The federal agency charged with safeguarding consumers is in jeopardy.
Richard Cordray, the director of the Consumer Financial Protection Bureau, announced last week that he's leaving by the end of the month. Cordray's departure gives President Trump an opportunity to appoint a new leader, and I'm concerned that this will derail the watchdog agency's consumer-first mission.
The CFPB was created in the wake of the 2008 financial crisis to protect consumers against predatory financial practices. It has done its job by creating or toughening rules to make sure people understand the financial products they are being sold. The agency has also created a complaint database that is an advocate for consumers looking for justice, and it's been unapologetic about its aggressiveness in going after companies and industries with deceptive practices. Think of the CFPB as a Doberman pinscher guarding your financial interest.
If I were a betting woman, I would wager a great deal of money on President Trump filling the vacancy with someone friendly to the financial industry. Trump's nominee would probably be more like a purse puppy. Think teacup Chihuahua.
In Cordray's parting statement, he wrote that the agency has recovered $12 billion for nearly 30 million consumers.
But the GOP hasn't liked all this devotion to consumers. Just recently, Republicans overturned a CFPB rule that would have banned future mandatory-arbitration clauses from financial contracts. These clauses prevent consumers from joining in class-action lawsuits. Although the payout to individual consumers is often low, the legal actions often force companies to stop bad behavior.
Critics carp that there has been too much oversight under Cordray. The latest to cry foul are payday lenders.
How dare the CFPB rein in their highly expensive loans to poor people, the lenders complain. These companies argue that they are only helping people on the margins.
But I see the devastating results of such small-dollar loans, which often turn into a debt trap. The CFPB recently issued final rules on payday loans. At its core, the rules simply require lenders to determine upfront whether people can afford a loan and still meet basic living expenses and major financial obligations. Yet the CFPB has been vilified by payday-loan proponents for even this common-sense directive.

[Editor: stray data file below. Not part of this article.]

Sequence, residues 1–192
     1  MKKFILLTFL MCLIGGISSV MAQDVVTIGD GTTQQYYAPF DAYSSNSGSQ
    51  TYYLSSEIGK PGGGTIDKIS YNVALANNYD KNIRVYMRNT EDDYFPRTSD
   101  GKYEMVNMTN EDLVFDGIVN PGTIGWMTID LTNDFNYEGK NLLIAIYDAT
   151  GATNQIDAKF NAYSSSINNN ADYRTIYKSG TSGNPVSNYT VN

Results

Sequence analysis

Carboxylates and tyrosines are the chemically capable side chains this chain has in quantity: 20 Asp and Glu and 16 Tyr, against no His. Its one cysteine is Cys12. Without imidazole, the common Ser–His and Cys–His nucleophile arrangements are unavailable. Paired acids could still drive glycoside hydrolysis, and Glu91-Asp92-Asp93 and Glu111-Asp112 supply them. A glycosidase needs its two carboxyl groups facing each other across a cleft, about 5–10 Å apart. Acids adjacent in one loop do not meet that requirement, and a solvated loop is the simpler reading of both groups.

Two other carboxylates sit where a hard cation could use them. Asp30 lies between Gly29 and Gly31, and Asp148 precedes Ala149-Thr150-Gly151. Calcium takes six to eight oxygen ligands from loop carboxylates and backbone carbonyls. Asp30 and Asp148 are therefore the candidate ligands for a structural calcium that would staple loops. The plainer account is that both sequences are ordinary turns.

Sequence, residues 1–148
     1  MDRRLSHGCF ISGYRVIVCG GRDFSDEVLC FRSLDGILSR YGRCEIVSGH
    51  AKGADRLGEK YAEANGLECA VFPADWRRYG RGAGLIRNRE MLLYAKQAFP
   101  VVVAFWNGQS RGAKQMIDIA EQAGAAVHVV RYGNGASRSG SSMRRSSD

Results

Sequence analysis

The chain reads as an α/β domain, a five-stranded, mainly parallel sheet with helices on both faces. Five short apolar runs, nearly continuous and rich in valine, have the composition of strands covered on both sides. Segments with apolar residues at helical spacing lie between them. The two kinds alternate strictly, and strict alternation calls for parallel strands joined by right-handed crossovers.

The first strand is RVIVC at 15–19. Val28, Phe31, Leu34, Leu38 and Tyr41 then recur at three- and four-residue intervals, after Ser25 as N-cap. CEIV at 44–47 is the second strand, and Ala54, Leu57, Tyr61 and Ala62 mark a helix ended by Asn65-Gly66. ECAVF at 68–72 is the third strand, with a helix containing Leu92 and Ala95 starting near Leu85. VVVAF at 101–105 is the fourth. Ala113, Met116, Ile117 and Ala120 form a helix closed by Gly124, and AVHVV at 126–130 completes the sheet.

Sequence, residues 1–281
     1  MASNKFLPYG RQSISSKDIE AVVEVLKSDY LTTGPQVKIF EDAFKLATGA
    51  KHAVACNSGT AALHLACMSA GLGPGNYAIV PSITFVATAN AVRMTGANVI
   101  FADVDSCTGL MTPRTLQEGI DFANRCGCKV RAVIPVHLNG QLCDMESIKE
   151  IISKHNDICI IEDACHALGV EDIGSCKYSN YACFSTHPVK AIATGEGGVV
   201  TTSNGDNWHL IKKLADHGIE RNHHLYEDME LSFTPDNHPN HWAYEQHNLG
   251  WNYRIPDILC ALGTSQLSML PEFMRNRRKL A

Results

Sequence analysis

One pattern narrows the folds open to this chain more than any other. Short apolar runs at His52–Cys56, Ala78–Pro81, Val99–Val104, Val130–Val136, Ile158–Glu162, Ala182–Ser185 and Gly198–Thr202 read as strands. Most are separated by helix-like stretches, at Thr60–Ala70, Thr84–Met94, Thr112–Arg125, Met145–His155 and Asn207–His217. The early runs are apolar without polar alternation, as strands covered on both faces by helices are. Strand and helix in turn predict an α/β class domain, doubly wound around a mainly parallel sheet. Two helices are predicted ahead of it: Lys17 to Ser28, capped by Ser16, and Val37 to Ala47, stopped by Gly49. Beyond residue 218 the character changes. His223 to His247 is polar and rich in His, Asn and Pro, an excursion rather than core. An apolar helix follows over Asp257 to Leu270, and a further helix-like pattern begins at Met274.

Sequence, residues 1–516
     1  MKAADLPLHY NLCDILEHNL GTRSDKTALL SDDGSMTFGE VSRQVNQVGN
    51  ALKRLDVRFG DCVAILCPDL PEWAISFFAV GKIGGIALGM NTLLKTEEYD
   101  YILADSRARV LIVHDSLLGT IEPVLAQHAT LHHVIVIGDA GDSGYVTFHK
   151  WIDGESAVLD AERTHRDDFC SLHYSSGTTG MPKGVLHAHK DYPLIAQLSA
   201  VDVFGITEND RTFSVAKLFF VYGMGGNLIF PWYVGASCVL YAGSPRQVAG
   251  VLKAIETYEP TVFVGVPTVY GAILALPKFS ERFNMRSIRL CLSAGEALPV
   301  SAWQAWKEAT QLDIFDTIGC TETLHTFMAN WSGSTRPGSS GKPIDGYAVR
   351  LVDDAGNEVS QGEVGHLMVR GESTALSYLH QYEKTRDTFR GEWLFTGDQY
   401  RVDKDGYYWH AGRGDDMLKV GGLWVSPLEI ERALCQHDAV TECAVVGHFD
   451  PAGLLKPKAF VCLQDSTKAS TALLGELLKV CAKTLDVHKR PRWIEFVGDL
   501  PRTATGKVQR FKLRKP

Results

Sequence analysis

Even if you weren't fully aware of what the CFPB is or does, there are many people fighting for your rights who are. And they, too, are alarmed about the future of the agency. Here are some reactions to Cordray's stepping down.
Sen. Elizabeth Warren, D-Mass.: "From the day that the agency opened its doors, the CFPB has been targeted by Republicans and their Wall Street bank allies. They attacked the agency at every turn, and tried to stop it from helping consumers. This is a big test for Donald Trump. He said on the campaign trail that he would stand up to Wall Street and defend forgotten Americans. If the president appoints another industry hack or bought-and-paid-for politician to lead the agency, it is just the latest sign that he wants to run this government to help his rich buddies."
The National Consumer Law Center: "The president must appoint a new director who is committed to the mission of consumer protection. Much work has been accomplished, but much more needs to be done, as evidenced by the scandals of financial giants Wells Fargo for its fake accounts and Equifax and complaints that continue to stream in about debt-collection abuses, overdraft fees, and predatory loans."
Pamela Banks, senior policy counsel for Consumers Union, which is the policy division of Consumer Reports: "Consumers need a tough watchdog in Washington to protect them from abusive practices that jeopardize their financial security. We can't afford to take the financial cop off the beat and leave families vulnerable to costly scams and rip-offs."
Mike Calhoun, president of the Center for Responsible Lending: "The [CFPB] has fought against discriminatory practices in the financial marketplace, including bringing actions to enforce fair-lending laws that protect consumers of color from being charged more for a mortgage, auto loan or credit card."
Mark Hamrick, Bankrate.com senior economic analyst: "For President Trump, it will be yet another opportunity to put his stamp on a nominee who is friendlier to business and more inclined to deregulate. For consumers, the risk is that they will have fewer advocates working for them in the federal government."
These are the people you should listen to, because they've got your back. So now let your voices be heard, because we need a leader of the CFPB who will continue to be a watchdog for consumer interests and not a lap dog for the financial industry.